Regina Brave (background), also present at Wounded Knee 1973, picks up around the camp at Oceti Sakowin. The sign outside her camp at Oceti Sakowin reads, “Article VI – Treaties are the Supreme Law of the land (U.S. Constitution). Treat Territory. You are in violation! State has no jurisdiction.” As others were readying for a “mandatory evacuation deadline,” Brave was asked if she was going to relocate to another camp. She responds, “I will not relocate. I’m staying right here.” Image courtesy of the author.

Despite the disproportionate environmental burden on communities already marginalized, Senator Heitkamp framed energy development, whether in the form of extraction or transportation, as for the nation. As Spice (2018: 40) points out, the state often legitimizes its settler projects through the reference of “critical infrastructure,” the material and technological energy networks like oil pipelines meant to support the state and its citizens. This critical infrastructure for the nation-state and its citizens approach is explored and reframed by Spice (2018: 44) to show how critical infrastructure is, in fact, “invasive infrastructure.” As she writes, “In North America, the expansion of oil and gas networks is tightly linked to the continued displacement, pacification, and expropriation of unceded and treaty-guaranteed lands historically inhabited and cared for by Indigenous peoples” (Spice 2018: 45).[8] What is for the nation, in other words, is often not for Indigenous peoples.

Picking Sides

Senator Heitkamp, considered an ally to both Native women and big oil, was pressured to pick sides. With the DAPL protest supposedly behind us, the press and the public discussed Senator’s Heitkamp’s second-term run for Senate as being stuck in a bind between North Dakota’s tribal vote and pipeline supporters.[9] Associated press member James Macpherson (2018) quoted Dave Archambault saying:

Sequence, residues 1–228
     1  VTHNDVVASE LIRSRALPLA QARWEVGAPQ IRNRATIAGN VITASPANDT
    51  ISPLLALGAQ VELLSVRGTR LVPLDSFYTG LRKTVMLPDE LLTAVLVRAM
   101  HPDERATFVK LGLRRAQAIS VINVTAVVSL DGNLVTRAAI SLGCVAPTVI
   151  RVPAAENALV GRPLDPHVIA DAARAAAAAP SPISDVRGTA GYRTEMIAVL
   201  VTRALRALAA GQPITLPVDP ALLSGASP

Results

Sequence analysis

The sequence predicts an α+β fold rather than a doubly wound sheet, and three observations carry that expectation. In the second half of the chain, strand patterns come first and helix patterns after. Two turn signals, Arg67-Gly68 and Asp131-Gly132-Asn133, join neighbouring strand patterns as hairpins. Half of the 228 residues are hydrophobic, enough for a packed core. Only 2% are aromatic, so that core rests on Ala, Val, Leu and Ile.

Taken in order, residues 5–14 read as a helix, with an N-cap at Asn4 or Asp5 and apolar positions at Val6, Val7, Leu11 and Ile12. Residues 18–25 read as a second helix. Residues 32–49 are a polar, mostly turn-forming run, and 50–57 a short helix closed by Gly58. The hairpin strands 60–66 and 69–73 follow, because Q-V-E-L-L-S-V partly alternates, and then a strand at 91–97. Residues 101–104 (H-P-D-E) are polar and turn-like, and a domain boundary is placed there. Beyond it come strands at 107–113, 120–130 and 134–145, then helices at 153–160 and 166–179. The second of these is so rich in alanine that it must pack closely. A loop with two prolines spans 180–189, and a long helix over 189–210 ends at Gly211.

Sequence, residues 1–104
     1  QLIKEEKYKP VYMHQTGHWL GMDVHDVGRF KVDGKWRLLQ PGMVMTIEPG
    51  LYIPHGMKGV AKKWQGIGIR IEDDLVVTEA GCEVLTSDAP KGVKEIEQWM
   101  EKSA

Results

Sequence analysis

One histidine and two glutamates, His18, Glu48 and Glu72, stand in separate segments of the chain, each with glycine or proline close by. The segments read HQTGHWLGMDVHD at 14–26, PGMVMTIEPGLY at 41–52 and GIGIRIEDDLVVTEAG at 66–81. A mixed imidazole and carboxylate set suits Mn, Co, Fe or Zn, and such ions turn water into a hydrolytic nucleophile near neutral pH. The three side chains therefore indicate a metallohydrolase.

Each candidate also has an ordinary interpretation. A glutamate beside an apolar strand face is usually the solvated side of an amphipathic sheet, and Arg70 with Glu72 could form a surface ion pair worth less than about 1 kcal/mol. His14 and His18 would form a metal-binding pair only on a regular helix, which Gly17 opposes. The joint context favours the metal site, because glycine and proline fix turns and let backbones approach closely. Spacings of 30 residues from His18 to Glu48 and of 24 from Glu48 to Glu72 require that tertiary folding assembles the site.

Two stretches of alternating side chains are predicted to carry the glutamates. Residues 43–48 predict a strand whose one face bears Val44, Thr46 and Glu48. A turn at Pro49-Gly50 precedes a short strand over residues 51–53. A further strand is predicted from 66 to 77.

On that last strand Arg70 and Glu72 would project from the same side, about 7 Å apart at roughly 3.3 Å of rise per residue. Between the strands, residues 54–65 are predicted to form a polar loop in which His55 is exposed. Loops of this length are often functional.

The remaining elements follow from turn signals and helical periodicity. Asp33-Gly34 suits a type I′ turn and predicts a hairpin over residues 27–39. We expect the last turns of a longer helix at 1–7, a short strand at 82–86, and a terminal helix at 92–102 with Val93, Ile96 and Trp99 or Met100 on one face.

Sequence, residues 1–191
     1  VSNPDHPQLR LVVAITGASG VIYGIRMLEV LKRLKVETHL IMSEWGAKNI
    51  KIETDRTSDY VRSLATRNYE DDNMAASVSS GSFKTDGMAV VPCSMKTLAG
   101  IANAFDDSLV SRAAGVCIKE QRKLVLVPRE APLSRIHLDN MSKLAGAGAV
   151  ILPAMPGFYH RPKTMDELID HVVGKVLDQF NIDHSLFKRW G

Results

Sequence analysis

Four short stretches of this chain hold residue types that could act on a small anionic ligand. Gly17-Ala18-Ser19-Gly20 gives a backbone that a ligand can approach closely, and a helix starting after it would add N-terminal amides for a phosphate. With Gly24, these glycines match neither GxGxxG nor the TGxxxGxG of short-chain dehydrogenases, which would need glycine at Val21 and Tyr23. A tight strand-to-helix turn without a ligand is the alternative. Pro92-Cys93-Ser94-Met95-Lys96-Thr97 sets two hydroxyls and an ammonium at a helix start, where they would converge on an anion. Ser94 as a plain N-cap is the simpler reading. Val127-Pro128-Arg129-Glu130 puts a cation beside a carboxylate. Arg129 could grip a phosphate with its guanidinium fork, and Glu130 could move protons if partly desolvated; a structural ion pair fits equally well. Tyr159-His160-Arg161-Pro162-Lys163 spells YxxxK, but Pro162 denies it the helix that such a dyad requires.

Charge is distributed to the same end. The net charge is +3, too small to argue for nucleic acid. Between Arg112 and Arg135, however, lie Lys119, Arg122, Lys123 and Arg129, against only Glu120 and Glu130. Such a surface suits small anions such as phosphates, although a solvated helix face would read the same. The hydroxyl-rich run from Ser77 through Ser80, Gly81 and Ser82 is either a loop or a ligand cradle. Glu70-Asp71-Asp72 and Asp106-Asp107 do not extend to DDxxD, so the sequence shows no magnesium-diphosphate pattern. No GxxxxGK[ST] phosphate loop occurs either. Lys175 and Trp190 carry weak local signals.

Former Standing Rock Tribal Chairman Dave Archambault, who was the face and voice of the fight against the Dakota Access oil pipeline, said he met with Heitkamp when the pipeline was first proposed and long before the protests “to let her know this was going to be an issue for us.”

“I think she was caught in the middle. But when her hand was forced, she chose the pipeline,” Archambault said.

“She always said she supported Indian Country, but when all of Indian Country from across the nation was at Standing Rock—she didn’t show up…. She didn’t truly listen to what Indian Country was saying,” Archambault said. “Now she’s in a bind.”

My highlighting of Heitkamp’s bind is not an attempt to undermine the Democratic Party in general or Heitkamp in particular nor to diminish her contributions; after all, many other government leaders across the two-party system have far less progressive records and there are substantive differences across the parties.[10] Though she lost her re-election bid to senate, her self-positioning in relation to oil and gendered violence remain important to consider. Furthermore, I focus on Heitkamp as an agent of the state more than personally because I believe her to be sincere in her concern for women in general and Native women and children in particular.

Heitkamp, in fact, and here is the rub, said she supported oil pipelines and supported women. Yet for the senator to overcome the bind, Native womxn find themselves in the double-bind of being protected while simultaneously being threatened. The point that the state cannot protect Indigenous people broadly, and Indigenous womxn particularly, from threat of its presence makes obvious that decolonization is not about sincerity and commitments to democracy (see Tuck and Yang 2012). When any of us commit to turning to the state to redistribute resources we are limited to particular strategies that cannot be truly transformative of the settler state and thus cannot undo the inherent and interconnected oppressive logics of settler colonialism and white supremacy.